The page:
Retailers losing out on £18bn each year through ‘Surf and Turf’ online shopping trend

Source: Barclays Bank

UK retailers are losing out on more than £18bn in potential sales each year, as British shoppers have made a habit of website window-shopping, adding items to their online basket but ‘dropping out’ of the purchase before buying.

New research released today by Barclaycard, which processes nearly half of the nation’s credit and debit card transactions, reveals that while UK shoppers each abandon an online basket worth an average of £29.37 every month, many vendors are also missing the data or insights they need to tackle the online conversion challenge.

The study found shoppers are more fickle when buying online with 41 per cent having abandoned a transaction at a virtual check-out in the last year, compared to 24 per cent who have walked away from a purchase in-store.

Yet, despite a clear opportunity to engage online consumers to help combat the ‘surf and turf’ trend, six in ten retailers (59 per cent) are unaware of the average buyer drop-out rate on their website and just 27 per cent analyse the browsing behaviour of shoppers who abandon their baskets. A further 45 per cent are also unable to pinpoint lost sales by gender and 41 per cent by age group.

This knowledge gap is also evident when it comes to identifying specific shopper behaviours online. Three in ten merchants (31 per cent) struggle to name the month when their website sees the highest level of shopping basket abandonment, while 37 per cent are unable to identify the time of day when drop-outs peak.


The UK’s ‘most abandoned’ items online

The research also highlights the most commonly-abandoned items driving the ‘surf and turf’ online trend. Brits are most likely to have abandoned women’s clothing (29 per cent), men’s clothing (26 per cent) and entertainment items (26 per cent). The items most frequently ‘window shopped and dropped’ online are:

1. Women's knitwear
2. Leather goods, such as wallets
3. Women's lingerie & hosiery
4. Headphones
5. Watches
6. Women's sportswear
7. Women's skirts
8. Books
9. Men's trousers / jeans
10. Women's tops & shirts

Taken together, these items could be said to represent the UK’s ‘most abandoned’ online shopping basket.

Retailer routes to drive online conversion

The most popular tactics retailers use to tackle basket abandonment are automated email reminders (30 per cent) followed by a shopping basket ‘expiry period’ (19 per cent) - which a further three in ten (29 per cent) have plans to introduce in the future. For those that have taken this step, the average expiry period is 66 hours (2.8 days).

Barclaycard’s Smartpay gateway - a service merchants can use to capture ecommerce payments - provides retailers with rich data and insight into customer behaviour to help tackle the online conversion challenge. By capturing payments data, Smartpay provides retailers with a single view of their customer’s purchasing behaviour across all sales channels, presenting a significant revenue opportunity for merchants of all sizes.

Online basket abandonment: five key facts

• 8pm-10pm and 6pm-8pm are the peak times for online shopper drop-out.
• Retailers identify millennial shoppers (aged 25-34) as the most indecisive online, followed by 18-24-year-olds.
• December is the month with the highest level of online basket abandonment, followed by November and January, as shoppers browse Christmas present ideas and the Black Friday and January sales.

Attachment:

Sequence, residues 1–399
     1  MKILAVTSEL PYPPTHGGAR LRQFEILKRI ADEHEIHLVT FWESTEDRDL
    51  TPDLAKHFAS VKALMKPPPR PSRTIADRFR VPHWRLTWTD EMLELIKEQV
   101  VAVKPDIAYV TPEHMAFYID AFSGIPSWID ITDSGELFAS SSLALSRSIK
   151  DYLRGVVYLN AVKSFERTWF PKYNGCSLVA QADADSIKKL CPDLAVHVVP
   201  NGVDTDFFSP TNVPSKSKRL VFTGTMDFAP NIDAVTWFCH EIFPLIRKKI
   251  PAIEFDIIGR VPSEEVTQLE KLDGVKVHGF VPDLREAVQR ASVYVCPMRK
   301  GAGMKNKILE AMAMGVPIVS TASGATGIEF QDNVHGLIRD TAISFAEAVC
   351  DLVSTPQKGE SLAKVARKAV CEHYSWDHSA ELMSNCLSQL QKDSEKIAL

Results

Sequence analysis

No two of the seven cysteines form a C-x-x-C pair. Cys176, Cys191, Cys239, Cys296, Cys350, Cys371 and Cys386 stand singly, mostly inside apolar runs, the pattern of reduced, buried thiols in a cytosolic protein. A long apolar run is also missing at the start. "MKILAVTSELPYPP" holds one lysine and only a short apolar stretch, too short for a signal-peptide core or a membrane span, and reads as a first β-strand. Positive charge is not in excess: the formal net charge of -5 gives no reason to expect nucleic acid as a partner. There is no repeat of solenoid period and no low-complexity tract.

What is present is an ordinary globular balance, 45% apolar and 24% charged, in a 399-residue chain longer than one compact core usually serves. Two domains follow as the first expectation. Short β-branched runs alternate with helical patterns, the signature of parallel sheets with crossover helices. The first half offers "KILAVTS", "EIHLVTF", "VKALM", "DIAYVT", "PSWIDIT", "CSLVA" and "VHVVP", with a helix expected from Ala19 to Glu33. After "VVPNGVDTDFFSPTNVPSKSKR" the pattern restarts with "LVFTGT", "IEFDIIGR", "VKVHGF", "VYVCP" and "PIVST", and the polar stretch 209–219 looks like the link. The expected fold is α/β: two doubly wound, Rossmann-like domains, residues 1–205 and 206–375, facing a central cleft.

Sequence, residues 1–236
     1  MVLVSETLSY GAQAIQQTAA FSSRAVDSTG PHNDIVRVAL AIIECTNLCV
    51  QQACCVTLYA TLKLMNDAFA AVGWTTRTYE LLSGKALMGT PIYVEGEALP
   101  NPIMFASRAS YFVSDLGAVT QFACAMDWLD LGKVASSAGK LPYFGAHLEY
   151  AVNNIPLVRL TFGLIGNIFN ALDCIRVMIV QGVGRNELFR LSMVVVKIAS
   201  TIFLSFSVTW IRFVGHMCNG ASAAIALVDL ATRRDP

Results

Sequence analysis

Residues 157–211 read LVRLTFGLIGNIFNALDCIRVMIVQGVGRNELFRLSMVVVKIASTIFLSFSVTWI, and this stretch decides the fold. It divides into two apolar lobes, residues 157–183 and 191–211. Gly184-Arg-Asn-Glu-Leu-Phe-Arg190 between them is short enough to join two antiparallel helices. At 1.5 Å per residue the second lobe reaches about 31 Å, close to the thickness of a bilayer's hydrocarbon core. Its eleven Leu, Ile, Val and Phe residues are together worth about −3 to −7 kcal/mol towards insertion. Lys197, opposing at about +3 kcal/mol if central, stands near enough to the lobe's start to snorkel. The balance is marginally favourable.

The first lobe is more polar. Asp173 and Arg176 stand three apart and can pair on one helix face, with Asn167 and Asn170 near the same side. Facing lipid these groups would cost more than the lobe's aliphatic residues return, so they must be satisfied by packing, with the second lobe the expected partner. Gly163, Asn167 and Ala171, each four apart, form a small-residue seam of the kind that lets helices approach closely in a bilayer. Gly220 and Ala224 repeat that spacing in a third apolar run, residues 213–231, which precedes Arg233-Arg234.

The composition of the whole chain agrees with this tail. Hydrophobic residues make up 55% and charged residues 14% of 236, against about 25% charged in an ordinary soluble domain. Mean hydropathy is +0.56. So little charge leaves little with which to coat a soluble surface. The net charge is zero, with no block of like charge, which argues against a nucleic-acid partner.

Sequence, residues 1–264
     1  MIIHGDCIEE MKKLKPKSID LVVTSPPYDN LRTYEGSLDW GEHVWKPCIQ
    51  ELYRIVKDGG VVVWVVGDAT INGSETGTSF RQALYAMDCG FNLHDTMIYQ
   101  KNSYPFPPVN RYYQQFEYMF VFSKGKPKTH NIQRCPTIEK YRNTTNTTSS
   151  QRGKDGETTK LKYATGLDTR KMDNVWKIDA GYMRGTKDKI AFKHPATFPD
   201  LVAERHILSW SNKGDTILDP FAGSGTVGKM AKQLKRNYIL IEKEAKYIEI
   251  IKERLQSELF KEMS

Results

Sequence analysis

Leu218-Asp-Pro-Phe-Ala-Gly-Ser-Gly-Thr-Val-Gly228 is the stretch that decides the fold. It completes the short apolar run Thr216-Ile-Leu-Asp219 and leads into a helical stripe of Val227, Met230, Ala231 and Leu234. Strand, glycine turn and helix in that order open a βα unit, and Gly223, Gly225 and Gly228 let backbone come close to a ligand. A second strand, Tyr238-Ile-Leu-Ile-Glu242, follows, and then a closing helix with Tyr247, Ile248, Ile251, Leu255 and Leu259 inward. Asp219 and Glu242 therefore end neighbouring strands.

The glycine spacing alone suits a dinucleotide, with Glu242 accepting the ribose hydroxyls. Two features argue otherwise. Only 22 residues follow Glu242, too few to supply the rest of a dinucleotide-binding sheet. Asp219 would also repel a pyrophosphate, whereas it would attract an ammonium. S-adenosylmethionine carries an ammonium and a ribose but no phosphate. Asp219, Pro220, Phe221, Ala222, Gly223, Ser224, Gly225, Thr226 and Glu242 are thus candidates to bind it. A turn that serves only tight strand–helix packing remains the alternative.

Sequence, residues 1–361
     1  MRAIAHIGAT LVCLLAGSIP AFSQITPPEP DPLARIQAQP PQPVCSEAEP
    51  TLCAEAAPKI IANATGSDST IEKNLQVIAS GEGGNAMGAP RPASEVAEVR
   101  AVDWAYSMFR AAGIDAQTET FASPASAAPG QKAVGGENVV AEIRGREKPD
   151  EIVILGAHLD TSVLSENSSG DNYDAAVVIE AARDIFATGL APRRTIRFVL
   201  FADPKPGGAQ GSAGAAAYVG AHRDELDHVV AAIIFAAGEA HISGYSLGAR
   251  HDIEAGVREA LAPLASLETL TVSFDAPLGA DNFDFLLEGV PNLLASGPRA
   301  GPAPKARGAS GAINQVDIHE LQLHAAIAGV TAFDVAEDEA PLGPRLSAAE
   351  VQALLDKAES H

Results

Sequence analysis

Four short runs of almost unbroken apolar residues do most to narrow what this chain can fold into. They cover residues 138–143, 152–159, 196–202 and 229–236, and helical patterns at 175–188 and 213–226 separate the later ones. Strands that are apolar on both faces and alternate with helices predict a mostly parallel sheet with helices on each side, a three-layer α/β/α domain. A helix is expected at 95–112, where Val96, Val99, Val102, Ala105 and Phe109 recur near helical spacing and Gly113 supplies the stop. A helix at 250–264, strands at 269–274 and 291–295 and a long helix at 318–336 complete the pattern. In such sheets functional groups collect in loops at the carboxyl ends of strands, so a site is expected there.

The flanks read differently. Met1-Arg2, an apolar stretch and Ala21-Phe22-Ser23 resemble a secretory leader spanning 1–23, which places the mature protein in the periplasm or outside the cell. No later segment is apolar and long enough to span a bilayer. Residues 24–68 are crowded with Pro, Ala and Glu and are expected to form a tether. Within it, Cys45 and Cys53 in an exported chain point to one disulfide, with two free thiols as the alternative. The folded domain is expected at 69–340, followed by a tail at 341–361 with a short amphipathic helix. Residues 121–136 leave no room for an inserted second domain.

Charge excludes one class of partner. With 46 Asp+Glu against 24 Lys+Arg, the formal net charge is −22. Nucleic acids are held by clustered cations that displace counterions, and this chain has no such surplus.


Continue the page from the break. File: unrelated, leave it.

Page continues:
• Of those retailers who capture demographic data, two in five (39 per cent) say women are more likely to abandon their online shopping basket, versus one in five (19 per cent) who say men do - while two in five (42 per cent) think men and women are equally indecisive.
• 17 per cent of shoppers who abandon items online do so because they like to ‘window shop’ with no intention to buy - and more than one in ten (12 per cent) put items in an online basket to hold on to them so they don’t sell out.

Clare Bailey, Independent Retail Expert commented:
“It is so important that retailers not only invest in marketing to drive footfall to their websites, but also in their payment process to ensure that the online shopping experience is as seamless and hassle-free as possible. In the same way that consumers can lose interest in a purchase when buying in-store due to long queues, they are also put off by confusing and long check-out processes online. As such, retailers don’t want to waste their efforts in helping customers get items into the basket only to fall at the final hurdle when customers drop out because of problems at the check-out.”

George Allardice, Head of Strategy, Barclaycard Payment Solutions commented:

“Online basket abandonment rates are a perennial problem for online retailers, but as consumers increasingly shop via retailer websites, it’s becoming ever more important that merchants are equipped to combat this challenge. There are many ways retailers can convert online interest into sales - whether this is reminder emails about items left in online baskets, reducing the steps required to check out online, or securely storing card details so shoppers don’t need to re-enter them every time they visit a site.

“These actions will be most effective if they are based on insights about shopper behaviour, but as our research shows, there’s currently a knowledge gap that could be holding businesses back. Data from payment gateways such as Barclaycard Smartpay helps retailers to identify ecommerce pain points and make important steps to boost online sales.”
Contributed | what does this mean?
This content is contributed or sourced from third parties but has been subject to Finextra editorial review.

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